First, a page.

Growing Succulents Indoors

Nearly anyone wondering how to grow succulents indoors can look no farther than their own grandmother’s windowsill, which probably boasted at least one.
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Original_Chelsea-Costa-Potted-Succulents-Beauty7_v

Nearly anyone wondering how to grow succulents indoors can look no farther than their own grandmother’s windowsill, which probably boasted at least one.

Because of their incredible shapes and forms, and tolerance of moderate light, low humidity, and weeks of neglect, succulent house plants such as a mother-in-law tongue or snake plant (Sansevieria) or florist’s Kalanchoe have graced many a living room corner or kitchen window, or a gifted Christmas cactus (Schlumbergera) that simply won’t die. And most are very easy to propagate from stem cuttings, dividing small plants, and rooting leaves.

Old-hand gardeners know that indoor succulent plants require a certain amount of neglect.  

In their arid or seasonally-dry native lands, they developed the ability to store their own water supplies within fleshy leaves, stems, or roots.

How to Plant Succulents Indoors

Planting succulents indoors is not done much different from other plants in pots. Make sure pots have drainage holes, or plan to lay them on their sides after watering to allow excess water to drain out.

When first planting succulents in pots, choose a well-drained potting soil such as a ready-made cactus mix, but for a really good succulent potting mix that won’t stay too wet, add extra pumice, sharp sand, grit, or perlite (available at garden centers) to help drainage without breaking down with time.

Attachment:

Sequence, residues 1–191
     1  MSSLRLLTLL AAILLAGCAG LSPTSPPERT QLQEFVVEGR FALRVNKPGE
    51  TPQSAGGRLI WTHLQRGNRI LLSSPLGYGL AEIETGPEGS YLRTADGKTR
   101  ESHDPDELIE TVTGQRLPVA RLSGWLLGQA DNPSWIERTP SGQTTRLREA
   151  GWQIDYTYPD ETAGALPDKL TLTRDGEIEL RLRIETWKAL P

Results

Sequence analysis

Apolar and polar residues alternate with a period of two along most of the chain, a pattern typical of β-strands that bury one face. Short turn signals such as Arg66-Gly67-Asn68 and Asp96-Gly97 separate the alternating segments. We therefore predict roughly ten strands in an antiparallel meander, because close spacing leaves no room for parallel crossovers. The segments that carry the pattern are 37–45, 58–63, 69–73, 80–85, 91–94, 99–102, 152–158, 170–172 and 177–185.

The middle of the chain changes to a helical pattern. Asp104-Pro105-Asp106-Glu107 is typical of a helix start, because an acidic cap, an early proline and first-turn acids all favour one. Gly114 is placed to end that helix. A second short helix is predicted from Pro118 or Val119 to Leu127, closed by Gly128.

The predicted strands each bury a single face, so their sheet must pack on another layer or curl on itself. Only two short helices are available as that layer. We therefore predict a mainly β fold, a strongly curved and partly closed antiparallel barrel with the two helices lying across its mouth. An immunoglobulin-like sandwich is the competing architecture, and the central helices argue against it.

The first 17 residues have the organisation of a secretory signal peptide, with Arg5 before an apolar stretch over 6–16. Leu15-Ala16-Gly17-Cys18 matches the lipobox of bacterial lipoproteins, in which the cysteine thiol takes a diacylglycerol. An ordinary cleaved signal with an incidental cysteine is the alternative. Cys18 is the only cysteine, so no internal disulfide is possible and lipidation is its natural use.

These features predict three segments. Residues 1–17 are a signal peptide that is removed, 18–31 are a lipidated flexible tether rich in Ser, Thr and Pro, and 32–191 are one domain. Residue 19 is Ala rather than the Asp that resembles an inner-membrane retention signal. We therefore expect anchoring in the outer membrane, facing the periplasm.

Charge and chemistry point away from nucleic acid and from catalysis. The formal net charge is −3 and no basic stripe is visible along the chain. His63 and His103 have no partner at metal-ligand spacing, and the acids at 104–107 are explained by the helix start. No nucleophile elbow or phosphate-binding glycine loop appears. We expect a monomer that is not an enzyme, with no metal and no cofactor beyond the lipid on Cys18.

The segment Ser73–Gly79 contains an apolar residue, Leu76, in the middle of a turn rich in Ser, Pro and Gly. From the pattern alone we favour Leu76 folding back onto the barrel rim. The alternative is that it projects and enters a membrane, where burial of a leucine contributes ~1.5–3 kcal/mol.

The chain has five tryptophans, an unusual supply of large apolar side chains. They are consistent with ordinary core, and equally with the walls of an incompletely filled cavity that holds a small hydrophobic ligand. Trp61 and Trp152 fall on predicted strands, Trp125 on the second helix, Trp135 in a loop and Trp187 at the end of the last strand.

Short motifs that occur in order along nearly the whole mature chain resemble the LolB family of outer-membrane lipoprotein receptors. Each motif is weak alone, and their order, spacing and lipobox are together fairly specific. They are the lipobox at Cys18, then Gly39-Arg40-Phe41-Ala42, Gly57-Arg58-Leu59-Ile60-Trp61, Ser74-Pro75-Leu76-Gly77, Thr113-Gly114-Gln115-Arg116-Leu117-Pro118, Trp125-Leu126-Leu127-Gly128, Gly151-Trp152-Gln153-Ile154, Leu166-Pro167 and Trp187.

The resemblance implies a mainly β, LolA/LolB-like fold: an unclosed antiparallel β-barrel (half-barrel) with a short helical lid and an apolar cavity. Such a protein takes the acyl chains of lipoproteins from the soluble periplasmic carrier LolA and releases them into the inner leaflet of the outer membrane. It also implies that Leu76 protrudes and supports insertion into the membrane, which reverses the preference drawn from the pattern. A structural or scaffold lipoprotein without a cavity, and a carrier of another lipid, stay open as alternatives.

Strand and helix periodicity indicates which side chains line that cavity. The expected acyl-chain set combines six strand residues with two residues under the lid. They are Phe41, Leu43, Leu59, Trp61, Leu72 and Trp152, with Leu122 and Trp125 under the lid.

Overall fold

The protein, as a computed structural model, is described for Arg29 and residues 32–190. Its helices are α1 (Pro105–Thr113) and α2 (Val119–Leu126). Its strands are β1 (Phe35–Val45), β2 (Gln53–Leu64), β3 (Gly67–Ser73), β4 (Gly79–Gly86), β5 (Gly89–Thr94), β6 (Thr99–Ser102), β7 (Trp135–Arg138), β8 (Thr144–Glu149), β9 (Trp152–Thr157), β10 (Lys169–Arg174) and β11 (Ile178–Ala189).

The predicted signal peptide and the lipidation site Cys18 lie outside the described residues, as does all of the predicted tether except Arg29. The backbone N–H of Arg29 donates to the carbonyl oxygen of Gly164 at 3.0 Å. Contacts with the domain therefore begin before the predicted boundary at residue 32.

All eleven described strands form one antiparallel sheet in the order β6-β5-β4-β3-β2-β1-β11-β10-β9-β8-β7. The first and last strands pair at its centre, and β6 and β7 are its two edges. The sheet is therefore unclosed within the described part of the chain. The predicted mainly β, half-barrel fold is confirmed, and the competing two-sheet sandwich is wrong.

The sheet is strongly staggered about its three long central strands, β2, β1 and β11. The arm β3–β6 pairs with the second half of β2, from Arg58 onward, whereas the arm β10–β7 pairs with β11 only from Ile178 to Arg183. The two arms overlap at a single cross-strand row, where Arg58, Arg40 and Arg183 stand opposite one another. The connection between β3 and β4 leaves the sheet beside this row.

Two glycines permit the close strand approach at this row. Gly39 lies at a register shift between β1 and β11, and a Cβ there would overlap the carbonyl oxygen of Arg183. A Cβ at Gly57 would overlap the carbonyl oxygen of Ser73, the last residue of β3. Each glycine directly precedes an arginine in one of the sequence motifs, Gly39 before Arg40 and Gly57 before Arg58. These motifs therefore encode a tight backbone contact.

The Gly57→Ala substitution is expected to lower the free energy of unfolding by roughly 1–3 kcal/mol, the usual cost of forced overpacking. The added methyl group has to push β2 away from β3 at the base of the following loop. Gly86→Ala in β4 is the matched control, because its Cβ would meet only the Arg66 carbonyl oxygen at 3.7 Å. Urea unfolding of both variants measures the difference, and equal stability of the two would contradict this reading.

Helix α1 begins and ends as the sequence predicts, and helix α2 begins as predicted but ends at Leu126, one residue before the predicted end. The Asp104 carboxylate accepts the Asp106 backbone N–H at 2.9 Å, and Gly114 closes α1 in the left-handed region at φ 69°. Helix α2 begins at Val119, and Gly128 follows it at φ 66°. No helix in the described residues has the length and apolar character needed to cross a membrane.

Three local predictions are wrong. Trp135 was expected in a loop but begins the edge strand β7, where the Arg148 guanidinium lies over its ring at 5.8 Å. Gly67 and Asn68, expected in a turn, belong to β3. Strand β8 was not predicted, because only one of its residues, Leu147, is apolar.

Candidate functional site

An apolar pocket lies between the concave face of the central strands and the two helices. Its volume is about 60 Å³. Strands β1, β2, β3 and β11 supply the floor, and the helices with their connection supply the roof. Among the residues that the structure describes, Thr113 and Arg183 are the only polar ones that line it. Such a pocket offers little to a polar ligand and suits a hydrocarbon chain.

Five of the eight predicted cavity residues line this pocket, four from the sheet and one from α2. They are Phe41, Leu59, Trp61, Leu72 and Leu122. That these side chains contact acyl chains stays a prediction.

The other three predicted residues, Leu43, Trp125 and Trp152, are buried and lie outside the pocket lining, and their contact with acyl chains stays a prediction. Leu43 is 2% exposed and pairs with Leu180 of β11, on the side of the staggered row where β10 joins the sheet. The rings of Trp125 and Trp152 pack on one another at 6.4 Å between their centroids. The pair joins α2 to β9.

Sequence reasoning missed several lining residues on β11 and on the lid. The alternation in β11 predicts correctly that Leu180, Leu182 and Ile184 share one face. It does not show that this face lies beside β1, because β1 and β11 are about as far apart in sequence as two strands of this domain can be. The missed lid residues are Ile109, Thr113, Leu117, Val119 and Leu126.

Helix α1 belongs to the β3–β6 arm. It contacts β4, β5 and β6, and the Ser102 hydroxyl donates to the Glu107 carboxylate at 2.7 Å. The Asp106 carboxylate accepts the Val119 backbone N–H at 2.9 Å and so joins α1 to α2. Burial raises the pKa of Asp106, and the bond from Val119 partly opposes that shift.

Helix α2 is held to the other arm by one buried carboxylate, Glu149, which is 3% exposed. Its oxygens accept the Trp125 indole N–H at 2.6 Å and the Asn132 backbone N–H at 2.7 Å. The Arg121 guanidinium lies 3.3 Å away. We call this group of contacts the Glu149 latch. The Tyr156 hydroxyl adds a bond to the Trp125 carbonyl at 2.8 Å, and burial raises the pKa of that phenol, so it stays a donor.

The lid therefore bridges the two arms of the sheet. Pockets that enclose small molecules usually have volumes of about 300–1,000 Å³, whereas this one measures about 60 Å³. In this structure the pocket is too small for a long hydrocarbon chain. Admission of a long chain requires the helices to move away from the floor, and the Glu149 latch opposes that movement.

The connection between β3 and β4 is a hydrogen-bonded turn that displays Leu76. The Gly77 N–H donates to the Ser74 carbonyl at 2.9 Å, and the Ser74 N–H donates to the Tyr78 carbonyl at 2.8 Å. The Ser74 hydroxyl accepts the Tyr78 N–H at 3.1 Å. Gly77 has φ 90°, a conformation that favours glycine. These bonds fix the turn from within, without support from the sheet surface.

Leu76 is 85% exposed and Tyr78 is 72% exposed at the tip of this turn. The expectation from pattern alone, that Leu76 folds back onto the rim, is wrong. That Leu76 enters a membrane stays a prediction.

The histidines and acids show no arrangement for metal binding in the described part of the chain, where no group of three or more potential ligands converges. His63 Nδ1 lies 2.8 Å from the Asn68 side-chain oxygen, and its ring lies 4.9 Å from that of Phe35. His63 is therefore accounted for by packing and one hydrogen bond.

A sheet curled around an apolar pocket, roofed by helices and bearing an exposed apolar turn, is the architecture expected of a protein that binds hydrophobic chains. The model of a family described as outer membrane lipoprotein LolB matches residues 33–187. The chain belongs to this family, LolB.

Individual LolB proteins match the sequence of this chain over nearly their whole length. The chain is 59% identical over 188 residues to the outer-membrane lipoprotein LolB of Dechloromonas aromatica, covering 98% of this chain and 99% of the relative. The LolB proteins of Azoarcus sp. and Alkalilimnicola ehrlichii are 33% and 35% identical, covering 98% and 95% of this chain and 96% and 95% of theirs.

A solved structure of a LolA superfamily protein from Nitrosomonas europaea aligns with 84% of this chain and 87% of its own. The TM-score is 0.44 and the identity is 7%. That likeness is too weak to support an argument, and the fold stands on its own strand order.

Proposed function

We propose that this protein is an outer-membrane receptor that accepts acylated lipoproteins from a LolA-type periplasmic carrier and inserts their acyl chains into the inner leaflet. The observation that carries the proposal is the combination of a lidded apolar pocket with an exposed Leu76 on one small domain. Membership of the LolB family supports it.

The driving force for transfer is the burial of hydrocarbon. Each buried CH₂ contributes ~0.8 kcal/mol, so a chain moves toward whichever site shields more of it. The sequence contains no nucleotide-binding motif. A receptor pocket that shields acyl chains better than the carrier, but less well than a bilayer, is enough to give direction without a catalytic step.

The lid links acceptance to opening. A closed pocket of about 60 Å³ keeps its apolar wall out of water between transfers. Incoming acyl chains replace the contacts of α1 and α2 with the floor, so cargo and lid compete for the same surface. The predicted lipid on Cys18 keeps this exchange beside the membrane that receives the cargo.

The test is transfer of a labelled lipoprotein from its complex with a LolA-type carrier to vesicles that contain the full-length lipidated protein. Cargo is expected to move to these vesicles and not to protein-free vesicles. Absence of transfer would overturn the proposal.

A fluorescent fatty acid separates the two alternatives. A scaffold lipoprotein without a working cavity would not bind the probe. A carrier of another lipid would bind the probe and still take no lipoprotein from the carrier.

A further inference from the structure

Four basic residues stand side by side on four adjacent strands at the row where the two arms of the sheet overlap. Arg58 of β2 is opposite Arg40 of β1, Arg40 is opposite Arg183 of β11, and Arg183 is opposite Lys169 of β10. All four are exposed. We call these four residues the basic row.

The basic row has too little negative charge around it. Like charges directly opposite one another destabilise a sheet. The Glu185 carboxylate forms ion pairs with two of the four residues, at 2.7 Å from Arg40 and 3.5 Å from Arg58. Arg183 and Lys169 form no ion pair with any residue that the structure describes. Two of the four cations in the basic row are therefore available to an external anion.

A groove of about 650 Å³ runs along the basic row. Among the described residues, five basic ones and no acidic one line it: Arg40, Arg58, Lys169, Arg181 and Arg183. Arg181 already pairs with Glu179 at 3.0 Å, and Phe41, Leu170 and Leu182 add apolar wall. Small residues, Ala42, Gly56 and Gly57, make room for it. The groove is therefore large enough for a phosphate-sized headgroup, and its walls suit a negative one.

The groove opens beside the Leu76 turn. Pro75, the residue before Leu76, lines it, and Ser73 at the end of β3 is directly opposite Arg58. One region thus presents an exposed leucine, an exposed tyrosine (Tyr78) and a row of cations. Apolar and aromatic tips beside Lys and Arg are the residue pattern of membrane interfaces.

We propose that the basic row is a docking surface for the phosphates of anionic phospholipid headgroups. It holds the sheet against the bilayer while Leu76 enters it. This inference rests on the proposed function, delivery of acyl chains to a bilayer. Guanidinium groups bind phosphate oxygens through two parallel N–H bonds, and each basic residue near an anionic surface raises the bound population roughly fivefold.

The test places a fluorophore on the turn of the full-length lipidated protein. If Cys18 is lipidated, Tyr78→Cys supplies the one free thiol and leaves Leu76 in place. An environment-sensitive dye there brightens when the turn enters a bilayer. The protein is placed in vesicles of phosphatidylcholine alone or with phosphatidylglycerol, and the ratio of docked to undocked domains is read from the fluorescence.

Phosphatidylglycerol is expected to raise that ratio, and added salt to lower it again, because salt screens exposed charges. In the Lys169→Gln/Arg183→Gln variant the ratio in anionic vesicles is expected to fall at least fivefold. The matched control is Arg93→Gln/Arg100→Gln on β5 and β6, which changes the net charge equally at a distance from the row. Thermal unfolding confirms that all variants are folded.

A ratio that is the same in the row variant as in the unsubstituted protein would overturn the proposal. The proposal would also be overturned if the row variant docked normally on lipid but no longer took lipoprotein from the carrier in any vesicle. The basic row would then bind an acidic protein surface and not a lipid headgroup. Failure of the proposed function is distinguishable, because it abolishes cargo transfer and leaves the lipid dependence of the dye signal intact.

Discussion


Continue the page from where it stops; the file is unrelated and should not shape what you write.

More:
When first learning how to pot succulents, you will notice how shallow and brittle their roots are. Gently loosen other soil, and sift new soil around the roots, using your fingers or blunt end of a pencil to tamp it lightly as you go. Cover the surface with sand or gravel or grit, and allow the plants to dry a few days before watering.

Growing Succulents Indoors  

Caring for succulents indoors means not coddling them as you would, say. African violets or ferns.

Indoor succulents grow best in bright light. Though many including Sempervivum and

Pedilanthus develop their best foliage colors with at least a few hours of direct sun, and get Portulacaria, Sedums, and others get very leggy and weak if not given bright light, exceptions such as Sansevieria and Hoya tolerate fairly low light levels.

Still, a very successful indoor succulent garden will be in or near an east, south, or west window that gets a few hours of direct sun. For those whose leaves scorch in direct sun, provide shade with a sheer curtain if grown in a south- or west-facing window.

Water often enough to keep plants from shriveling, and avoid a buildup of harmful dissolved minerals and fertilizer residue by using distilled or rain water, and at least once a year flush out the soil with a good soaking.

Because many grow slowly indoors, especially in the cooler, darker winter months, they don’t need much if any fertilizer other than a light feeding in the spring or summer.

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Our expert shares her secrets for growing and selecting succulents.
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